[openstack-dev] [Swift][Keystone] Swift vs Keystone permission models
adriant at catalyst.net.nz
Thu Nov 23 06:08:17 UTC 2017
Hello fellow openstackers,
I'm trying to figure something out that confuses me around how Swift
handles roles from Keystone, and what the ACLs allow.
In the Swift config you can specify roles which can manage the
containers for their project ('operator_roles'), and anyone with such a
role appears to bypass ACLs on their containers.
But beyond that Swift doesn't seem to handle roles in the same way other
projects do. It has no policy.json file, so you can't limit access to
the Swift API to specific roles beyond 'operator_roles'. To do any real
limiting in Swift you have to use ACLs. Sure you can limit specific
containers via ACLs to a user on a project, and even with a given role,
but ACLs are user defined, and it feels odd that they would bypass scope
If you assign an ACL to a container for a given user but don't specify
project, Swift only cares that the user is authenticated (does at least
need to be a scope token, right?) and that the ACL is valid, but does
not respect role/token scope really.
That means that even if you wanted to do a read_only role for everything
(nova, cinder, etc), you could always bypass that with ACLs in Swift.
This means Swift's authorisation model can entirely bypass the Keystone
one in the context of Swift. This seems kind of broken. I can understand
some cases where that would be useful, but it seems to go against the
rest of the authorisation model in OpenStack, where roles define
explicitly where and what you have access to (or at least at meant to).
Am I understanding this wrong? Or missing something obvious? Or is this
just how it is and it won't change? Because it feels wrong, and I'm not
sure if that's just me not understanding it, me being paranoid in ways I
shouldn't, or this really isn't right. I don't like the idea that we
have two authorisation mechanisms (the core one being Keystone) that can
be bypassed by Swift ACLs for the purposes of itself. Which makes Swift
in truth have a higher precedence than Keystone for the purposes of
scope when it comes to it's own resource. It means there are multiple
sources of truth, one which is the authority for all other services, and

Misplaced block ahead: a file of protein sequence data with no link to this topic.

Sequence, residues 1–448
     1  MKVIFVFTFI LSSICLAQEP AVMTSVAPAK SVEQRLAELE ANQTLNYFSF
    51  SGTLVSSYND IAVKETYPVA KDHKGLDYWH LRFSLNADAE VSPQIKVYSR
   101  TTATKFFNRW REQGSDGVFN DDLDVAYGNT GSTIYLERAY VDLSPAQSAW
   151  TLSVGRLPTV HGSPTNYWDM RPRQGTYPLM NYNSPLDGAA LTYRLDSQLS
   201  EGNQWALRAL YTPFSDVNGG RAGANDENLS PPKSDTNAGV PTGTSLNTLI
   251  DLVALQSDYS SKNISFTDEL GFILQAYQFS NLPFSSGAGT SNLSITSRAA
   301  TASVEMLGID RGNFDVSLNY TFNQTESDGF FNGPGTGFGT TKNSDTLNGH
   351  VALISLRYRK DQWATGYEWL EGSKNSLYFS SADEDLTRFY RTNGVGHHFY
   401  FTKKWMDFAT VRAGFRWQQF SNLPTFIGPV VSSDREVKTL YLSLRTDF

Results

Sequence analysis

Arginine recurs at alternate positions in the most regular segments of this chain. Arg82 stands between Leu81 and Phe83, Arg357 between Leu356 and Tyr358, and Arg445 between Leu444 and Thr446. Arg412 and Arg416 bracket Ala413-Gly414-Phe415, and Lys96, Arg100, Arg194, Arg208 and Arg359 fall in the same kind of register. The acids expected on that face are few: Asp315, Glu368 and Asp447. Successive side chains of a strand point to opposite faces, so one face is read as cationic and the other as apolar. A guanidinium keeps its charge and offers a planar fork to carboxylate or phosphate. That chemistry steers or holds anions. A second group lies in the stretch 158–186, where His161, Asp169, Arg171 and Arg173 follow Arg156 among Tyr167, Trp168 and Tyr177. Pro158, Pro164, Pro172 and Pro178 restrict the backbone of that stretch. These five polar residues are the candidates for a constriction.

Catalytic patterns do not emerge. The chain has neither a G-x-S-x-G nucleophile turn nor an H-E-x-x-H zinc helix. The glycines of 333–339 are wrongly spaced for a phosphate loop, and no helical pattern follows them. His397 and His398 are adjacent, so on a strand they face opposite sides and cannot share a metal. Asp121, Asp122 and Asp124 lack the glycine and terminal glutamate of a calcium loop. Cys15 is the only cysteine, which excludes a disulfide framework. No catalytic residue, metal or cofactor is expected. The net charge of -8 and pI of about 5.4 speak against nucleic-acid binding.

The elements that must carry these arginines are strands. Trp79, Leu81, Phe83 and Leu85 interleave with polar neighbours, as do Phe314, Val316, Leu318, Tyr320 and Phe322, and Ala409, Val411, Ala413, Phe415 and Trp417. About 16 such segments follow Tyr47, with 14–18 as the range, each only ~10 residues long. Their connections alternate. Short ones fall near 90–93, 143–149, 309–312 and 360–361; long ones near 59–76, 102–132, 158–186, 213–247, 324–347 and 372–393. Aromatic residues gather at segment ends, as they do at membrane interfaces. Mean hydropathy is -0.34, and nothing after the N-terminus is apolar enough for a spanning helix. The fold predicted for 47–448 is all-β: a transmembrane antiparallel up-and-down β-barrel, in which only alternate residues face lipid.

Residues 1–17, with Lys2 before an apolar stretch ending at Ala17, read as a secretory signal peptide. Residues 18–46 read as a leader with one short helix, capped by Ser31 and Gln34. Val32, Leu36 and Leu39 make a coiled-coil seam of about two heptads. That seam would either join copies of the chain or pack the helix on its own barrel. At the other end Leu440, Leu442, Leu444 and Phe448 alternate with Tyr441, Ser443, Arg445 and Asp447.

another that is the authority for itself. That might makes for all kind
of mistakes, as people will assume that Keystone scope is honored
everywhere, since mostly that is the case.
I'm asking because I'd like to setup fine grained roles for each
service, and when I make a role that can only talk to Nova, I don't
really like the idea of an ACL being able to bypass that. Not to mention
there really isn't anything role based I can do via roles/Keystone for
Swift that can't be bypassed in some way by ACLs, nor can I make a role
that is read_only for Swift for that given project. I can't have
swift_readonly, swift_write, swift_manage (manage being able to do
ACLs). Even with account level ACLs (which don't yet work with Keystone
anyway), they wouldn't be implied by roles and would have to be set
manually on project creation, so... it doesn't really work either.
Part of me would at least feel far more comfortable if there was a
setting in Swift that enforced roles and scope so that you could only
ever talk to Swift in your project regardless of ACLs, but that feels
like only one of many things that would need to happen. What I imagine
as being my ideal scenario for Swift in OpenStack is Swift respects
roles and scope always, but then ACLs are a way of making fine grained
per user/group permissions to containers/objects within that scope.
Sharing between projects may be useful, but rescoping to the other
project isn't too hard if everything is mostly role based, and sharing
to a project/user that cannot outright accept that sharing permission is
innately scary (which is why Glance's cross-project sharing model works
well). Even more so if the user can't audit their permissions (can a
user see what ACLs apply to them?).
I'm hoping saner minds can help me either understand or figure out if
I'm being silly, or if the permission model between Swift and Keystone
really is weird/broken.
This is also coming from a public cloud perspective rather than a
private one, so who knows if what I'm trying to solve fits with what
others may be thinking. I'm also curious how other clouds look at this,
and what their views are around permissions management between keystone
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